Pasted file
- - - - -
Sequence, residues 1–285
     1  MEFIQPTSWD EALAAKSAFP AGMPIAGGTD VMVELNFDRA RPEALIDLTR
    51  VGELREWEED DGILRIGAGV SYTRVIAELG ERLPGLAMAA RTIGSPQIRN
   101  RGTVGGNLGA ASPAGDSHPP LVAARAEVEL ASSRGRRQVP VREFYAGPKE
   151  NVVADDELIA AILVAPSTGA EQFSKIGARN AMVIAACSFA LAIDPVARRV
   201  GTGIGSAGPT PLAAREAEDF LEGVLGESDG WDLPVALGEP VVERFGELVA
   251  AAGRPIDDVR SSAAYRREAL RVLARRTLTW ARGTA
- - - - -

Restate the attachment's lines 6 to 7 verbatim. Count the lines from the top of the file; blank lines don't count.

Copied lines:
   201  GTGIGSAGPT PLAAREAEDF LEGVLGESDG WDLPVALGEP VVERFGELVA
   251  AAGRPIDDVR SSAAYRREAL RVLARRTLTW ARGTA